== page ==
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CITY OF LINCOLN   •   NEWS RELEASE   •   FOR IMMEDIATE RELEASE

Date:
July 5, 2002
For More Information Contact:
Diane Gonzolas, Citizen Information Center, 441-7831
Jerry Obrist, Lincoln Water System, 441-5930
Lynn Johnson, Parks and Recreation, 441-8265

Mayor Institutes Voluntary Odd-Even Watering Plan
Parks and Recreation Department taking conservation measures

Mayor Don Wesely today asked Lincoln residents to voluntarily limit outdoor water use to an odd-even alternate day schedule to conserve water during the hot, dry weather. Lincoln’s water usage averaged more than 66.3 million gallons of water per day in June, an all-time high for the month. From July 1 through 4, water usage has averaged 80.7 million gallons per day. Last year’s high usage came in August, with an average of 65.7 million gallons used per day that month. The all-time high usage in Lincoln was 70.9 million gallons per day in July 1974.

“With the high water usage and no rain in the forecast, it is the time to ask citizens to comply with an odd-even arrangement,” said Mayor Wesely. “Our water system is designed to keep up with the demand, but there is no reason to put unnecessary demands on our supply. Conserving water is always a good idea, and it is necessary now to prevent mandatory restrictions.”

Mayor Wesely said City government will follow the conservation measures recommended by the Lincoln Water System to reduce water use. Measures include watering the ornamental gardens only during the cooler parts of the day to reduce evaporation and reducing the watering of the public golf course fairways.

The Mayor said the community does not yet have an actual water shortage, but due to the ongoing drought conditions, residents have been using a lot more water than normal. “If people will voluntarily use less to reduce consumption back to the City’s more typical usage levels, we can prevent an actual shortage from occurring during these hot, dry conditions,” said Wesely.

Beginning at 12:01 a.m. Saturday, those properties with street addresses ending in an even number, including zero, are asked to water lawns and wash cars and other vehicles on even-numbered calendar days. Addresses ending in odd numbers are asked to water on odd-numbered calendar days. Those property owners with more than one street address at the same location can choose either even- or odd- numbered days and notify the Lincoln Water System of their decision.

Jerry Obrist of the Lincoln Water System said residents have done a good job of reducing water usage since the Mayor first asked residents to conserve water June 25. Obrist said water usage went down from more than 90 million gallons a day to about 82 million gallons.

Public Works and Utilities Director Allan Abbott also reminded residents that the City’s water fees are structured to encourage conservation. “The more water you use, the higher the price,” Abbott said. “Those who don’t cut back on their watering can expect high water bills.”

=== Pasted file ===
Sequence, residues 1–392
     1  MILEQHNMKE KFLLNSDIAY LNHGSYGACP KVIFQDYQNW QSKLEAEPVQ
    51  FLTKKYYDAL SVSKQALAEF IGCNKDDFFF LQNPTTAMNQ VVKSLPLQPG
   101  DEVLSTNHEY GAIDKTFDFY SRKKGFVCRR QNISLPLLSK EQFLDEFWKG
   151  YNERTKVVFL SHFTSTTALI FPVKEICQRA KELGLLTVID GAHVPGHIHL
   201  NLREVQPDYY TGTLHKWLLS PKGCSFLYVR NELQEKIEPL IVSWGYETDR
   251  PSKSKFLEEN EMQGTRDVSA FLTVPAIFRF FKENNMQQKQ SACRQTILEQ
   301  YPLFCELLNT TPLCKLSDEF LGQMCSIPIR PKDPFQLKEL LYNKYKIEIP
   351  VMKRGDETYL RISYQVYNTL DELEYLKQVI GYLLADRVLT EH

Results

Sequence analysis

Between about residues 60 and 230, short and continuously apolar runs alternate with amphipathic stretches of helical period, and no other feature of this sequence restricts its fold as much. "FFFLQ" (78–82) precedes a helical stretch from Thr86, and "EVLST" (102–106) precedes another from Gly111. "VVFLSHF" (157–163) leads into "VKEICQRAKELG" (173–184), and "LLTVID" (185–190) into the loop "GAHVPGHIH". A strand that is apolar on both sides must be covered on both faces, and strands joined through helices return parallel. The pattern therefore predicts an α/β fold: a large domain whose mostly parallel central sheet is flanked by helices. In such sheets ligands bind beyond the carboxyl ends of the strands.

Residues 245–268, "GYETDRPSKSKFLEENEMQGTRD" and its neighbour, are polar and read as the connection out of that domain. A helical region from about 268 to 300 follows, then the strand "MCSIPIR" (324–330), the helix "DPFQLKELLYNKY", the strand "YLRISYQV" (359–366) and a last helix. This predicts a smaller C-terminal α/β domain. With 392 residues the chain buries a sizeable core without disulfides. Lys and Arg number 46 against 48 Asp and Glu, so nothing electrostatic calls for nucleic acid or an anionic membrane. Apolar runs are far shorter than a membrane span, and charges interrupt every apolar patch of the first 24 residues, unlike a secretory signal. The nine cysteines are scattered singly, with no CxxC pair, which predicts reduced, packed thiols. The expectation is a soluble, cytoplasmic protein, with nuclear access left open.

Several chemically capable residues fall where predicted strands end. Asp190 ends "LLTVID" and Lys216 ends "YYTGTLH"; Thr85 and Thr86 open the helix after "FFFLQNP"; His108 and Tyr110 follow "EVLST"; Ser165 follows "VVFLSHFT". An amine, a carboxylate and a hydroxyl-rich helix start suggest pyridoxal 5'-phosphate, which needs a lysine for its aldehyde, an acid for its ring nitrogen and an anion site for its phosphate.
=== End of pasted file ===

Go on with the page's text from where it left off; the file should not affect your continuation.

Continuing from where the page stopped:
Water is billed by the unit. One unit is 100 cubic feet of water or about 750 gallons. The price is 79 cents per unit for the first 8 units (about 6,000 gallons). The price increases to $1.09 for the next 15 units (11,250 gallons). It increases again to $1.45 per unit for every 750 gallons above 15 units. A complete description of water rates is available on the city web site at under Public Works and Utilities.

In addition to following the odd-even system, the Lincoln Water System recommends the following:

  • watering during the cool part of the day.
  • not watering when it is windy..
  • adjusting sprinklers to water only the lawn, and not the sidewalk or street.
  • using a broom, not a hose and water, for outdoor cleaning.
  • washing your car with a pail of soapy water, using the hose only to rinse the car.
The Lincoln Parks and Recreation Department began implementing the following measures July 2 because of the dry conditions:
  • Raising the mowing heights to three inches and mulching the clippings to hold water in the grass.
  • No watering of park turf, including ballfields, after 8 a.m.
  • Wetting the Agra Lime on ball diamond infields daily to insure player safety.
  • Watering ornamental gardens before noon.
  • Watering newly planted trees individually until the trees are established.
  • Reducing the watering of fairways at City golf courses,
  • Maintaining floral displays and establishing landscape materials by hand-watering.
“Like homeowners, the City has an investment in its grass, shrubs and flowers,” said Lynn Johnson. “We are taking steps to preserve that investment and conserve water at the same time.”

If dry conditions continue, Johnson said more water conservation measures may be taken, including (in priority order):

  • No watering on driving ranges at the Highlands and Mahoney Golf Courses.
  • No watering on rough areas of all City golf courses.
  • Eliminating the use of some fountains.
The City Wastewater Division is continuing to water its irrigated areas at the Theresa Street and Northeast Treatment Plants, but the water being used is not drinkable. It is treated wastewater that is disinfected with chlorine. Non-potable water is used for various treatment process needs throughout the year at both plants.

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